That changed once the batsmen grew in confidence. Nafees started to cut and pull with power and precision, and with Ntini and Mornè Morkel below par, the runs started to mount. And when Hashim Amla wore a sweep from Nafees on his ankle, Smith's worries merely increased.

The wicket, when it came, arrived from an unlikely source. Peterson had been tidy rather than threatening, but after Razzak slogged one over midwicket, the encore flew off the top edge to point. Aftab might have gone early, but the bat-up-like-periscope response to a Morkel bouncer fetched him four to third man instead.

With Nafees playing some gorgeous drives off the expensive Morkel, the fifth-wicket partnership reached 50 at almost five an over, and it was Bangladesh that went to lunch the happier. But Ntini's dramatic four-wicket intervention either side of tea being brewed was decisive, and South Africa were always on course thereafter to tie up another crushing victory. Barring rain, it should come on the fourth morning.

Dileep Premachandran is an associate editor at Cricinfo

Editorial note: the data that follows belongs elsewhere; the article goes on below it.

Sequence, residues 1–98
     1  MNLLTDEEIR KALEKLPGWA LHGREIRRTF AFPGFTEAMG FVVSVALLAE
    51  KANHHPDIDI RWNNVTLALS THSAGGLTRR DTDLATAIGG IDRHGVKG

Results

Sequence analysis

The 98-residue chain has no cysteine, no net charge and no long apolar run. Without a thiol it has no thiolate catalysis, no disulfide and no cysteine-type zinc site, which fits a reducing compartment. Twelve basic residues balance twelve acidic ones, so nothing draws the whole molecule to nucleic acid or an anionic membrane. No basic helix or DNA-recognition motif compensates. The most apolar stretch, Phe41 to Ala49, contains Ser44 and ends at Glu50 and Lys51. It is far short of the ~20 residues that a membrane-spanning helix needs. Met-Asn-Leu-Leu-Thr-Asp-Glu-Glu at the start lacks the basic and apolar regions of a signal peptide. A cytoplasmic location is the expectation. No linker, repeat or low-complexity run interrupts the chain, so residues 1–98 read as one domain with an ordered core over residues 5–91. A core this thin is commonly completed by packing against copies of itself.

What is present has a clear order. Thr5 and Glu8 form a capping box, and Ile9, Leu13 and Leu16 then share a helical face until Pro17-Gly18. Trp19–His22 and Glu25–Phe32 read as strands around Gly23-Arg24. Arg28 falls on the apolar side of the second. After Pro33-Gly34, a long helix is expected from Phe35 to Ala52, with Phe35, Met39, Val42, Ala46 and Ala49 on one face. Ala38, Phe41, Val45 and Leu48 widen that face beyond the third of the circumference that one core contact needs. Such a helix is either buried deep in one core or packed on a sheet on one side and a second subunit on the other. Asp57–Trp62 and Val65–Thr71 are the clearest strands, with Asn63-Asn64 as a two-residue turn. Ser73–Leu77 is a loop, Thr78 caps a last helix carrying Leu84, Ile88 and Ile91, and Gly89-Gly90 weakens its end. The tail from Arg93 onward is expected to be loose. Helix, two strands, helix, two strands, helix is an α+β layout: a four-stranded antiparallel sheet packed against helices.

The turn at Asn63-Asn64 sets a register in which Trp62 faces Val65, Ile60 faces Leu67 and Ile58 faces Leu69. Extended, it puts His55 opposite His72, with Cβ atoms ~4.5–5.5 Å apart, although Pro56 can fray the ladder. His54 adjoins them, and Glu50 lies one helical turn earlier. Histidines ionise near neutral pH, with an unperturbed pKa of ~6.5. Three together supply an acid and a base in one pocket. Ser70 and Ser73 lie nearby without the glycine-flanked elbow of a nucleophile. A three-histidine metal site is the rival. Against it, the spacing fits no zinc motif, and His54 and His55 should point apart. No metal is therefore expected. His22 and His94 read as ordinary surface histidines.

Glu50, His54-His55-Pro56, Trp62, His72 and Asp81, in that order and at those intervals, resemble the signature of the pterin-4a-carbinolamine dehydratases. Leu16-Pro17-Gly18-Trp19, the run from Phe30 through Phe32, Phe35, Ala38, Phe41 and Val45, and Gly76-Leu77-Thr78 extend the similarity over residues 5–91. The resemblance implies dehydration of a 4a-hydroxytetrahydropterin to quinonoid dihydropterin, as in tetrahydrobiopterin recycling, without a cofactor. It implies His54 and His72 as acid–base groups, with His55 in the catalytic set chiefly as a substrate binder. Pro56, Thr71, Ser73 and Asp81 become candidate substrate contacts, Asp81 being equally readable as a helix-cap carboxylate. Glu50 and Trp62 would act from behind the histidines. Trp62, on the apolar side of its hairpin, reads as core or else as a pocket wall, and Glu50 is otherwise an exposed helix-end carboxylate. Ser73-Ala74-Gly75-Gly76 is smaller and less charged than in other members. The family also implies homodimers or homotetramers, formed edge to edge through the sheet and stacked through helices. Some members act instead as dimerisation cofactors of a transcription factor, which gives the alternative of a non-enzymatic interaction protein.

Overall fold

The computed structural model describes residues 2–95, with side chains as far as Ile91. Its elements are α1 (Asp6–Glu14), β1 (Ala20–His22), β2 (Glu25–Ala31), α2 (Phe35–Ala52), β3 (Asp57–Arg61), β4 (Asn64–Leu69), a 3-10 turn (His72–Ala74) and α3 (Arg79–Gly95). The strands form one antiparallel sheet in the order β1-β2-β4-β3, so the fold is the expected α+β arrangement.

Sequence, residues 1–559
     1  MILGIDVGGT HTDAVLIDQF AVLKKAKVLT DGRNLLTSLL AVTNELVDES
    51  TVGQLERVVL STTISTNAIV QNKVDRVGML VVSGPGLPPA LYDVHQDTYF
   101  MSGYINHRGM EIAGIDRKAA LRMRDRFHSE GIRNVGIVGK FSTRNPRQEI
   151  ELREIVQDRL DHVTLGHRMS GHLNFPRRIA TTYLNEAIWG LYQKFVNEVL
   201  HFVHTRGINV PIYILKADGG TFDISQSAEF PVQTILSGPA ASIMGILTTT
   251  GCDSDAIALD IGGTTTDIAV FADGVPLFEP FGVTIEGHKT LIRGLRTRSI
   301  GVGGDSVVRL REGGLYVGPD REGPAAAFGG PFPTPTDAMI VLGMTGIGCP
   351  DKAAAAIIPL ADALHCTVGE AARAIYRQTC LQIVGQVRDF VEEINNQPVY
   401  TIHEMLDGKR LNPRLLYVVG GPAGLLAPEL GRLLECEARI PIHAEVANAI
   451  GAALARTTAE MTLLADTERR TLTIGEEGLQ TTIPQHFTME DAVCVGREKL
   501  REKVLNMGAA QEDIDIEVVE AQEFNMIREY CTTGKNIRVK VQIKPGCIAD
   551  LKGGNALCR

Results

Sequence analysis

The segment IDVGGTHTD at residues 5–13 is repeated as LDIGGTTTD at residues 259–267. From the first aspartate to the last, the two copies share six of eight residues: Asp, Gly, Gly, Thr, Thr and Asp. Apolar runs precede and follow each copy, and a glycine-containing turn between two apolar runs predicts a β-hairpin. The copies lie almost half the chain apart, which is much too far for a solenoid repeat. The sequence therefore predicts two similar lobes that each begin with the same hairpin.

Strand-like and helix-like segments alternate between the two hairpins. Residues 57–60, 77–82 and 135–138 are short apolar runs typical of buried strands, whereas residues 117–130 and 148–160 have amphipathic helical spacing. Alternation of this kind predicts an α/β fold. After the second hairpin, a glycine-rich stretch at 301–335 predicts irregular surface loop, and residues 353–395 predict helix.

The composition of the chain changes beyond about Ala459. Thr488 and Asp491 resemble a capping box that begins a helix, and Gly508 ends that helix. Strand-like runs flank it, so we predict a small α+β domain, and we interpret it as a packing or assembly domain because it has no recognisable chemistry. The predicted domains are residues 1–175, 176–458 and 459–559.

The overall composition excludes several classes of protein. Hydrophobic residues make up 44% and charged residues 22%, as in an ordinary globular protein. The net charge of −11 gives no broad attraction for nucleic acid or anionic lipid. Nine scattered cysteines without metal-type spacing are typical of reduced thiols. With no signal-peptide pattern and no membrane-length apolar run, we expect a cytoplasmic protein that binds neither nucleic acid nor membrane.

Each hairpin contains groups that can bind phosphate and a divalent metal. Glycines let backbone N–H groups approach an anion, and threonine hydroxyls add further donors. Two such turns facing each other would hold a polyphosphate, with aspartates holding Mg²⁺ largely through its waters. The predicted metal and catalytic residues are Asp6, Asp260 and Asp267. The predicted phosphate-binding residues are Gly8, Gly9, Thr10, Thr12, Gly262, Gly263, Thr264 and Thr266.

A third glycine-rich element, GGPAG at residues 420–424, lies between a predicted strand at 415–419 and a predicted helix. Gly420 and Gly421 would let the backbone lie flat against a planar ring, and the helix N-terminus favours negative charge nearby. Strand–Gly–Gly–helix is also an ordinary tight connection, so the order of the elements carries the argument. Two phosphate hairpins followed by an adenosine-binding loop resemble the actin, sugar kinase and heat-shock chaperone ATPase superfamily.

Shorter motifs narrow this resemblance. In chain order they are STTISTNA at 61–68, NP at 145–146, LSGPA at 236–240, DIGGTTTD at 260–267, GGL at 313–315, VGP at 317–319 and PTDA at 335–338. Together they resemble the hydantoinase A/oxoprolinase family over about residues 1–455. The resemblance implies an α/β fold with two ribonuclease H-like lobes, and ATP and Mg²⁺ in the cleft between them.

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Dileep Premachandran Associate editor Dileep Premachandran gave up the joys of studying thermodynamics and strength of materials with a view to following in the footsteps of his literary heroes. Instead, he wound up at the Free Press Journal in Mumbai, writing on sport and politics before Gentleman gave him a column called Replay. A move to MyIndia.com followed, where he teamed up with Sambit Bal, and he arrived at ESPNCricinfo after having also worked for Cricket Talk and total-cricket.com. Sunil Gavaskar and Greg Chappell were his early cricketing heroes, though attempts to emulate their silken touch had hideous results. He considers himself obscenely fortunate to have watched live the two greatest comebacks in sporting history - India against invincible Australia at the Eden Gardens in 2001, and Liverpool's inc-RED-ible resurrection in the 2005 Champions' League final. He lives in Bangalore with his wife, who remains astonishingly tolerant of his sporting obsessions.